I’m not saying “who cares” flippantly—I’m saying it because it matters. If in a particular scenario, the answer to “who cares?” is bookstores —and it likely is—then trade publishers are absolutely right to avoid SF NA like the plague. No one should be doing a print run for books that have no market for it. (And right now, even digital publishing has that problem—Amazon doesn’t have a New Adult option for Spec Fic. As a general rule, it will never be the best marketing call for a book to categorize it in such a way that does not correspond to shelf space, physical or otherwise.) To the people who get ragey about this…why? You’re crying discrimination against something nobody was rejecting in the first place. Nobody said “You can’t write Sci-Fi with 20-year-old protags.” They did, however, say that you can’t write Contemporary with them, at least not set on a college campus. If you’d like evidence, I have a lovely collection of rejections to prove it.
Which brings us back to why Contemp Romance does the best in NA: it filled the only real gap in the market that necessitated the creation of NA in the first place. Back at the end of the last decade, college-set books should’ve been able to find a home. YA should’ve claimed far more college-set stuff than it did, and Chick Lit should’ve claimed the rest. But YA didn’t, and Chick Lit died, and pretty much the only people publishing it were doing it themselves. Which no one took seriously.
(Which, sure—who knew how self-publishing gonna go? But there was plenty of time to figure it out between when it was obvious and when they did, which resulted in a crazy glut of the same stuff over and over, and shelling out huge six figure advances to authors who would’ve probably taken five just months earlier, and who’ve already found a huge portion of their audience.)
What strikes me as so strange from all sides is the approach to the market gap here. Of course college-set romance was gonna blow up—no one else was publishing it. And by the same token, of course NA in other genres don’t do as well. Historical with 19-year-old MCs? That’s already a thing. That’s how old queens were. You’re not filling a market gap with NA historical; you’re going up against Philippa Gregory.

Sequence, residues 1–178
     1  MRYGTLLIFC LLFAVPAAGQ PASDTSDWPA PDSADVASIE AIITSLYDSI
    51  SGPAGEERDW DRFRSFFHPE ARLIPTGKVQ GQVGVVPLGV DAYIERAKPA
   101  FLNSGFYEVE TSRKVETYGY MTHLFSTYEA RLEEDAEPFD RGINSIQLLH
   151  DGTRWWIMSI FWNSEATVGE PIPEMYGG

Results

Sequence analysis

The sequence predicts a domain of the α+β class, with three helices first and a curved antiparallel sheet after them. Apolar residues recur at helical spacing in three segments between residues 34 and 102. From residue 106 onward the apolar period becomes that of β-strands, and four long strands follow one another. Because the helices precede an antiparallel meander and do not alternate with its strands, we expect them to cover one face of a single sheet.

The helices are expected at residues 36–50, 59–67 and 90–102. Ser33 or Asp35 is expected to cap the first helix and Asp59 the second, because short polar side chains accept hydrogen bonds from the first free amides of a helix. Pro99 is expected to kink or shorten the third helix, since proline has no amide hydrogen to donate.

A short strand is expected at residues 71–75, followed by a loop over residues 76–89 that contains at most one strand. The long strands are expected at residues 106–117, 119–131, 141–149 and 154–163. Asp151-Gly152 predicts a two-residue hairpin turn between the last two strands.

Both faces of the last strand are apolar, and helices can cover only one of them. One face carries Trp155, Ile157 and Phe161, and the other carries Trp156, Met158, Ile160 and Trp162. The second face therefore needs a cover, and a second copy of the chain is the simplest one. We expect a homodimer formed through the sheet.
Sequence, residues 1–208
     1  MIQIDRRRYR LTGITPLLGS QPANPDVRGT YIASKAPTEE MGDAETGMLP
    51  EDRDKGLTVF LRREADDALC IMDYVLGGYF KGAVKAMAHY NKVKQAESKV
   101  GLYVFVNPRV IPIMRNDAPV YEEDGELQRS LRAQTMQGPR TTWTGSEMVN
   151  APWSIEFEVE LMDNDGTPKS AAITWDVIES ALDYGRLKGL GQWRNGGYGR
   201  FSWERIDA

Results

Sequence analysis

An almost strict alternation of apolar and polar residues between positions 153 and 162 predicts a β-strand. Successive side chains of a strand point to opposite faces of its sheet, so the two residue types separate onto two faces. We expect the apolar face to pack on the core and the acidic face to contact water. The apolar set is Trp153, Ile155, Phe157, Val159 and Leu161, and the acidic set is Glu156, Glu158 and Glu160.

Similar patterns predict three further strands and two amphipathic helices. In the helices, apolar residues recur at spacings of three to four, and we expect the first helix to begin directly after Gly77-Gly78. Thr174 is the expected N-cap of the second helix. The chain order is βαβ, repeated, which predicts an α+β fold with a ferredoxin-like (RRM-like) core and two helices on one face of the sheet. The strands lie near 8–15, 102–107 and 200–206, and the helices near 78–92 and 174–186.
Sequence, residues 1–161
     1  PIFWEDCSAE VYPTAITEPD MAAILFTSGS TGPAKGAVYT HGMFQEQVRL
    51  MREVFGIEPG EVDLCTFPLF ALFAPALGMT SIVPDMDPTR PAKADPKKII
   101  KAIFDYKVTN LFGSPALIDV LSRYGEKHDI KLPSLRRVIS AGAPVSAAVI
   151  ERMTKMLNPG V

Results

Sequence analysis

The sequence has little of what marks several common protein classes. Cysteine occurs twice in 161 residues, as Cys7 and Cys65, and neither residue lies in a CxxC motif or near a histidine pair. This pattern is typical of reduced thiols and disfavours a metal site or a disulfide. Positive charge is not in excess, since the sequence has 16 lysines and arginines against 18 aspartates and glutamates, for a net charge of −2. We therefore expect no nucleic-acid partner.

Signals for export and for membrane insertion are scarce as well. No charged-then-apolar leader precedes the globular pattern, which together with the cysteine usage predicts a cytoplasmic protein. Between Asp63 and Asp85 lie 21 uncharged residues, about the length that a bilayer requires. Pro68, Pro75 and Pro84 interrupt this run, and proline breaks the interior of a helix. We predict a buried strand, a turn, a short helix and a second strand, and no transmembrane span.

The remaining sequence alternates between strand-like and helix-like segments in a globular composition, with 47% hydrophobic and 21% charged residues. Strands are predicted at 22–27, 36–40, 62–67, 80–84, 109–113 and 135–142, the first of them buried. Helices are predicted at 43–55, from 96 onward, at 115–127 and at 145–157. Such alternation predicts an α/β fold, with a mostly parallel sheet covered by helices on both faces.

That said, with the settings that do fill the gap, I think there’s so much more we can do. And for whatever reason, NA is one area where trad pub doesn’t take leaps and is so wrong in risk assessment, so I’m curious to see who’ll be getting it done. All NA needs to “justify” itself as NA is some realistic world confines. After that, let the sky be the limit: Racial diversity, QUILTBAG, Urban fantasy, Psychological Thrillers, Literary. (Though I struggle with saying the latter because college-set Literary actually seems to do really well as Adult.)
The other thing I’d say is that NA books always need to understand their crossover audience. NA is always going to have a crossover, because it didn’t exist five years ago. It’s probably going to be Romance (Erotica or otherwise), or YA, or both. Find support in your crossover area(s) and reach out there too. In NA, you unquestionably need blog support. You need a social media presence. This is a category that came up through self-pub, and that means digitally. Online is where people find your books, and you need the 1-click links at their disposal everywhere you can shower them. It helps to be accessible, too—people like to promote accessible authors. If you’re a YA author with a NA pen name, of the two, you’re better off throwing more social media time into NA (assuming you have print books in stores).